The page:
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Optimistic Predictions Ignore Reality - Foreclosures Going Up, Going Down, Going Forward

The good news is foreclosure rates have dropped slightly below the rate one year ago.   Unfortunately, that's the end of the good news at the moment as last year was a disaster for housing in the U.S.  The foreclosures occurring today are not usually for homes purchased with risking subprime loans and adjustable rate mortgages.   Instead, the current foreclosures are driven by long term unemployment and loss of income through underemployment when work hours are cut.

The numbers are staggering.  The government reports 1 in 78 homes are at risk of foreclosure in the United States today.  During the first half of 2010 there were 1.6 million foreclosure actions filed and the estimate for the year is three million.  The impact of this goes far beyond one mortgage.  Homeowners able to make mortgage payments find the value of their home is constantly decreasing due to the flood of foreclosure properties appearing on the market.

Falling home values have created a new phenomenon in the housing market - willful foreclosures.  Homeowners with a $250,000 mortgage on a $300,000 home may find their home is now valued at only $175,000.  The same floor plan with more luxurious upgrades may be sitting vacant across the street.  That home is a foreclosure with a price tag of $125,000.  It hasn't taken long for economically savvy homeowners to see the value in buying the cheaper home and then walking away from the mortgage on their current home and allowing it to fall into foreclosure.  The current low interest rates on fixed rate mortgages adds allure to this option.  

Willful foreclosures have been condemned as dishonest and unethical but there is not apparent legal reason that would stop this behavior.  The continuing economic stress has led consumers to do whatever they can to protect their financial resources and the respect for big financial institutions holding the mortgages has been degraded by bailouts, predatory lending and a continuing tight credit market.

For home buyers, the current housing market is a boon that has not been seen before.   Homes flood the market and banks compete to get those foreclosures sold.  Buyers with significant funds for investment who have the real estate savvy needed to choose wisely can buy investment homes at fantastic deals right now.   Builders can by damaged properties cheaply and rehab them later for a profitable sale and site flippers should be in the element.   The possibilities for profitable investment in real estate are enormous but the risks are also high.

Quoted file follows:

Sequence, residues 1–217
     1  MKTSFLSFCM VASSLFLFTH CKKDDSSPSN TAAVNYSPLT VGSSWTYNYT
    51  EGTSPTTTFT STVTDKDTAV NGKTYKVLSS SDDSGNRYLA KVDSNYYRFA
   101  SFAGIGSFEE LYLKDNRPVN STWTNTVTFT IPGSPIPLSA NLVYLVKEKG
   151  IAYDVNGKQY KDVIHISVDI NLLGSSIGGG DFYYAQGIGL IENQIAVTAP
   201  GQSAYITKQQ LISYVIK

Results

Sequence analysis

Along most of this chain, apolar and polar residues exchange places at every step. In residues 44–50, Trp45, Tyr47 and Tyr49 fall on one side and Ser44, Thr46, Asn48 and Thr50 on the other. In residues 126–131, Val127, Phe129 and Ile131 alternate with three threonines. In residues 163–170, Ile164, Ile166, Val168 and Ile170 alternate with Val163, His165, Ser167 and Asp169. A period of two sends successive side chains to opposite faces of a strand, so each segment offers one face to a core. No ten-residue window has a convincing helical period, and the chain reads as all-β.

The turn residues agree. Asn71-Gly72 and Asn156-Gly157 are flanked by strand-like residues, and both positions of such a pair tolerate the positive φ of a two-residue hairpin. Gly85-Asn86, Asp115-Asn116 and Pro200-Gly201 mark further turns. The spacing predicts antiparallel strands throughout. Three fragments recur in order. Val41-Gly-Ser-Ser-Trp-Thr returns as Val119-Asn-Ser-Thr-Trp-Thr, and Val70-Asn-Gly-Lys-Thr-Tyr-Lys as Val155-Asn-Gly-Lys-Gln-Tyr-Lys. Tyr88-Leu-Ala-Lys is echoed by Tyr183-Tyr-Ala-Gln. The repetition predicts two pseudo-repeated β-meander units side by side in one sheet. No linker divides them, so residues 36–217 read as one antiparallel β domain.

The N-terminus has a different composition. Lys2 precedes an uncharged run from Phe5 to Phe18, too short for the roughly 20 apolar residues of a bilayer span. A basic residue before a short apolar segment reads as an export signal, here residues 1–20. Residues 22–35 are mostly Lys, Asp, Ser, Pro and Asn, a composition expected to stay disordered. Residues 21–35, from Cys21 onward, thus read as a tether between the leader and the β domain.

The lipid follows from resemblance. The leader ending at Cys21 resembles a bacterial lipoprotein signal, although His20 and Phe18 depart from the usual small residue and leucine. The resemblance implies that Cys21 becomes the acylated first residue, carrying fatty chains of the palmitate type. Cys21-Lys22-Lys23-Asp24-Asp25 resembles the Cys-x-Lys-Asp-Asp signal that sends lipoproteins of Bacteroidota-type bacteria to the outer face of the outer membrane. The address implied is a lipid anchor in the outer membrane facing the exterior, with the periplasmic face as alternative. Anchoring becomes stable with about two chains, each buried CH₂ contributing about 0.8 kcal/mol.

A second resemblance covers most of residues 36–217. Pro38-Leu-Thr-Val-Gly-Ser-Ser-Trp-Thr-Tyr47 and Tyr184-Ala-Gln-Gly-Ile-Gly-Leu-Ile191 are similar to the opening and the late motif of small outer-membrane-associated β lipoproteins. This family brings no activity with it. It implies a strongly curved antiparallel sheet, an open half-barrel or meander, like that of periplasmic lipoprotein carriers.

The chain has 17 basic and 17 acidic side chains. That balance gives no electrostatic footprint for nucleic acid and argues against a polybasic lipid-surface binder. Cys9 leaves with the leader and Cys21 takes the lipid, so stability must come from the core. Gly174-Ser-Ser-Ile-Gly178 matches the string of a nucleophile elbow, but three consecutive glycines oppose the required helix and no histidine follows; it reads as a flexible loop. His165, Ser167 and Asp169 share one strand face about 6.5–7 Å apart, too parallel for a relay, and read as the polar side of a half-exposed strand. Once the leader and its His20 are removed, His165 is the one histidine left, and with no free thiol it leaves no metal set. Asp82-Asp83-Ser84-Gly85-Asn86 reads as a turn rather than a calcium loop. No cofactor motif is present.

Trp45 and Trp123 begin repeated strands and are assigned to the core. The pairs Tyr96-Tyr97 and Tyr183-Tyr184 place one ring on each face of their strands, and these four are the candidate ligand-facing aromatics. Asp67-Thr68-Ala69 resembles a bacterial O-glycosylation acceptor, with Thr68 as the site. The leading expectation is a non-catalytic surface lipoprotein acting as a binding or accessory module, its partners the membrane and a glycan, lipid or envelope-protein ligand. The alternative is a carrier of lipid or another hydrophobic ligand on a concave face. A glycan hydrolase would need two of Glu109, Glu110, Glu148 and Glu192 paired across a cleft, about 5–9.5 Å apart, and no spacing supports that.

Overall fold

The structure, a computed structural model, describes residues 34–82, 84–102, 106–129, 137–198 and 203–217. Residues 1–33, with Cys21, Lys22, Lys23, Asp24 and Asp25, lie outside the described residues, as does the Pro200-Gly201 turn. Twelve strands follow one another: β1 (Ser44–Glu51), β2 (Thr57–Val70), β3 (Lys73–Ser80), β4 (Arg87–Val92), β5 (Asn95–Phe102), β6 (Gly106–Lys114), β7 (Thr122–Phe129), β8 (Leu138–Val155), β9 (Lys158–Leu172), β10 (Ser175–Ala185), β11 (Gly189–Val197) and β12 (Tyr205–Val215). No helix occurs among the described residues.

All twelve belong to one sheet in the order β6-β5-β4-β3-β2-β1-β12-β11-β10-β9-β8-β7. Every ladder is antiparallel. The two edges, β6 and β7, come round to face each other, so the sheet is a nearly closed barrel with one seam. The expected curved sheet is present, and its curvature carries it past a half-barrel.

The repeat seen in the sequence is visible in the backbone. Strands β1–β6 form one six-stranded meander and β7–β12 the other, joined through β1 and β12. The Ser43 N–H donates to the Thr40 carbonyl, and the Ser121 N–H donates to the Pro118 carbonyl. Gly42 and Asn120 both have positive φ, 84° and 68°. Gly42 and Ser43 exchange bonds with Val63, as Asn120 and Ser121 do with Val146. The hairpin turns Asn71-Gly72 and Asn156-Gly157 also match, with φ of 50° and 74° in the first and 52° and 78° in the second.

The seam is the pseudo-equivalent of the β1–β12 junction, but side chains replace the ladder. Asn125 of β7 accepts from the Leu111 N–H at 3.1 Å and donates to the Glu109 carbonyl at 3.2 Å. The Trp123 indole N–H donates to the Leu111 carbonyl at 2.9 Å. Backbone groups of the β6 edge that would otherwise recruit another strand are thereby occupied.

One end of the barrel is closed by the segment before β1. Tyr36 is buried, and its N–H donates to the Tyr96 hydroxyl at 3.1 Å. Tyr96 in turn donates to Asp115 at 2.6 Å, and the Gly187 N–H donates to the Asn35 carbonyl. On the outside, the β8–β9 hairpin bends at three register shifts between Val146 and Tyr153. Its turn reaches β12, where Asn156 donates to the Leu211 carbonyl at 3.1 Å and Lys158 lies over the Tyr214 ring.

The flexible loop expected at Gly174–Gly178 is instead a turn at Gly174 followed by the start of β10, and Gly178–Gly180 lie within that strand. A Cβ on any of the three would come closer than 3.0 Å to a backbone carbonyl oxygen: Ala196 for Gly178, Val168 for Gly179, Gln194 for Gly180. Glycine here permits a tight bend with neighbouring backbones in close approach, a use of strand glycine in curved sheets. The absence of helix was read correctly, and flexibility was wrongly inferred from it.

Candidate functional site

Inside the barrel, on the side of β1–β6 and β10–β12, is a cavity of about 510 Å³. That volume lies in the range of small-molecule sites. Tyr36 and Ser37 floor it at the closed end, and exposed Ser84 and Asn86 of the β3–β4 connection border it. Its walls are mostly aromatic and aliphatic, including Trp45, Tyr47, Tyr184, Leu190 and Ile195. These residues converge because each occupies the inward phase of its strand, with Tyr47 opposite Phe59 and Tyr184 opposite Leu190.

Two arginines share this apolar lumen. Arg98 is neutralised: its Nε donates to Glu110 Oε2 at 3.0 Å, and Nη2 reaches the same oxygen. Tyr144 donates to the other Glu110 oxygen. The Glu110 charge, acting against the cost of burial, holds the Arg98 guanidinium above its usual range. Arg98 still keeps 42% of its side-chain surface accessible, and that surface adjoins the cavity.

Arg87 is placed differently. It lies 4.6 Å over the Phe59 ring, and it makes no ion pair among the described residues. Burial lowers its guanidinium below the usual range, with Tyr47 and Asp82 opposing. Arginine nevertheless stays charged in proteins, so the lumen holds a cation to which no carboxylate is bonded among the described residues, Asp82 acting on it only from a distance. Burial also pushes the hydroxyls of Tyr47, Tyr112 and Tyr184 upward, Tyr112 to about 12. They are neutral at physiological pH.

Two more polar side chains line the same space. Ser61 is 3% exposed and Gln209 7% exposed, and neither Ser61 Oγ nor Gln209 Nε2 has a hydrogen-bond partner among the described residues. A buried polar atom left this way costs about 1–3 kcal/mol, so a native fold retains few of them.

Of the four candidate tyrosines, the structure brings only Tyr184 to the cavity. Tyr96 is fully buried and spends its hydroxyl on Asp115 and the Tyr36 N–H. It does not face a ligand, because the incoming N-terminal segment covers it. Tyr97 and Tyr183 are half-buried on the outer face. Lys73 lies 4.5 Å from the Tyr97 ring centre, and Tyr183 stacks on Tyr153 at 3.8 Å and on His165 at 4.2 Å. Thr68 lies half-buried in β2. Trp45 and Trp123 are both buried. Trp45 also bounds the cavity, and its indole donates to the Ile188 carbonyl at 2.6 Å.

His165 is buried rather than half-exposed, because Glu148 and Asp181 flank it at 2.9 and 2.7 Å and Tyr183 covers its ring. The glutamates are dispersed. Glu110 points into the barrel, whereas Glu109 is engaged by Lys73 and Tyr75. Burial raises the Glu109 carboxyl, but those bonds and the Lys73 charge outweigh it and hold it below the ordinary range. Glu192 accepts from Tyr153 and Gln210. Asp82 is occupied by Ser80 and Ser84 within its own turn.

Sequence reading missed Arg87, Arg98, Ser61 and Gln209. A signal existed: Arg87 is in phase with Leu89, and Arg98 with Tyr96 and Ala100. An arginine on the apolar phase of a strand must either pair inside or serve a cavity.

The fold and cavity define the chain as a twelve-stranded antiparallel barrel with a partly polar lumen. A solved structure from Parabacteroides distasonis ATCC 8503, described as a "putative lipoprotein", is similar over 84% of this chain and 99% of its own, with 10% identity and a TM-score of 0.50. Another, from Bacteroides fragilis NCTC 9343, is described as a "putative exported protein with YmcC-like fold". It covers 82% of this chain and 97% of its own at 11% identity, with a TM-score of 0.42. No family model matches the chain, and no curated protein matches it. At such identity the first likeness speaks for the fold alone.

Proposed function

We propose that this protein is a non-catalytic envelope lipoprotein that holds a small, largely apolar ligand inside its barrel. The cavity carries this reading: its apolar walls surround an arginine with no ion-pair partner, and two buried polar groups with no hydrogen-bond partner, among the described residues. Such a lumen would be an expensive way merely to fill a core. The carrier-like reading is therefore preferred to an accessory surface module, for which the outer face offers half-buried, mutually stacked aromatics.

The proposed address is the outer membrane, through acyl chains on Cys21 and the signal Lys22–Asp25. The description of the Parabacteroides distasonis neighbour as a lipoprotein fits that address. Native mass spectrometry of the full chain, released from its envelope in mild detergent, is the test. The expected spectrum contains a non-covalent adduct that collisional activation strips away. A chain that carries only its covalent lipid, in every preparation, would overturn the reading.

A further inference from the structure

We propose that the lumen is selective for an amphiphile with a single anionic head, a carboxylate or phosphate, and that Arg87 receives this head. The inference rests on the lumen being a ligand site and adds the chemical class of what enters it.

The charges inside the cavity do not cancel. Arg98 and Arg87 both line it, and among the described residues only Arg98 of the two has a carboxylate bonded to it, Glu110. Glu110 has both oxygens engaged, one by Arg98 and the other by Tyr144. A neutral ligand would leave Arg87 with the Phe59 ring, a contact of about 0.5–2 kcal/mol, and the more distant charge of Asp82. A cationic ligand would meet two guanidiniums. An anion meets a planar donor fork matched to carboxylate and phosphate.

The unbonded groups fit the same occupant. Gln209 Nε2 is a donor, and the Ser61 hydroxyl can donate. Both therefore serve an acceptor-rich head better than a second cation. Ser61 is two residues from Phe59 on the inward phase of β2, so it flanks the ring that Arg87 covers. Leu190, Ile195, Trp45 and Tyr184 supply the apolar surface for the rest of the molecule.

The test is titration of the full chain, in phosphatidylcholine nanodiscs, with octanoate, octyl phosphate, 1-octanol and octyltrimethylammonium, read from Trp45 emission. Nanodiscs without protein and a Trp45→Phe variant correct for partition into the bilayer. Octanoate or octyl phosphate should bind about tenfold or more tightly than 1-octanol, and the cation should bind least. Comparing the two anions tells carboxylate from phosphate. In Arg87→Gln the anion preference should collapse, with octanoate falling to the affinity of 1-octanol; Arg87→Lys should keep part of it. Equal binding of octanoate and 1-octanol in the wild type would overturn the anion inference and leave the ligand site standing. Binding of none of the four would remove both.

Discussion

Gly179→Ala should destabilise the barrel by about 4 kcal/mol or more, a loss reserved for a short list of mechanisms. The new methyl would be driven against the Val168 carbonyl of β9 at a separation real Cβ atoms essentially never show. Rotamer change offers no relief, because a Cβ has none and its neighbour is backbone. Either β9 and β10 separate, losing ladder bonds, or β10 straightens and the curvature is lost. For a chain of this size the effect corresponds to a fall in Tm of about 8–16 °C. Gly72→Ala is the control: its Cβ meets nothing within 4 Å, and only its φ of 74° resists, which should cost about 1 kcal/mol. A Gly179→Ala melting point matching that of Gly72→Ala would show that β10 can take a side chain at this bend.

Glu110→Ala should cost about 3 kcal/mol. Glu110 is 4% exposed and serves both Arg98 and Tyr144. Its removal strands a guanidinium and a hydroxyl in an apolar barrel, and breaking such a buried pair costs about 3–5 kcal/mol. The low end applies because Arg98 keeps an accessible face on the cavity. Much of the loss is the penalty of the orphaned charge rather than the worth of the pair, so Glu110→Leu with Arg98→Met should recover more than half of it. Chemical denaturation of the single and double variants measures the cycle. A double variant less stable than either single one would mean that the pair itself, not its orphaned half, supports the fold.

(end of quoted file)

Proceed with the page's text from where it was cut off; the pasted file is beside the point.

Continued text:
Successful real estate investors will analyze facts and figures endlessly but in the end it is the gut reaction from years of experience they may rely on.  How do you evaluate how many more homes in a high end subdivision will go into foreclosure and reduce prices further?   How can you evaluate where the recovery will occur first and which cities or areas in cities will see real estate prices appreciate first?

Some home buyers in the current market are buying with an eye toward investment, too.  The high unemployment rate has created an increasing group of middle class homeowners who will have to downgrade their housing expectations.  This market sector will not be able to buy a home for some time after foreclosure and when they do purchase again it is likely to be a less expensive home.

Perhaps the best way to profit from the foreclosure rate is open to homeowners with carpentry and building skills.  Buying a distressed property that needs work is an opportunity to buy cheap and improve the property for a potential resell later.  This group of buyers considers the needs of their family and focuses on school districts and home size that will suit them for the long term.   They can buy cheaply if they are willing to purchase properties that have been poorly maintain or have damage caused by an angry previous owner when he lost the home to his bank.

If you want to have a chance to profit from the current glut of properties appearing on the real estate market today, you need some money to invest and some knowledge of location and location potential.  The foreclosure market is devastating homeowners across the country.  Yet there will be some who will emerge on the other side of the economic crisis well positioned to make good profits.  Investing in real estate now should be viewed as a long term investment whether buying for your own family or as an investment property.   There is no way to predict when housing prices will begin to rise again and short term thinking will not succeed.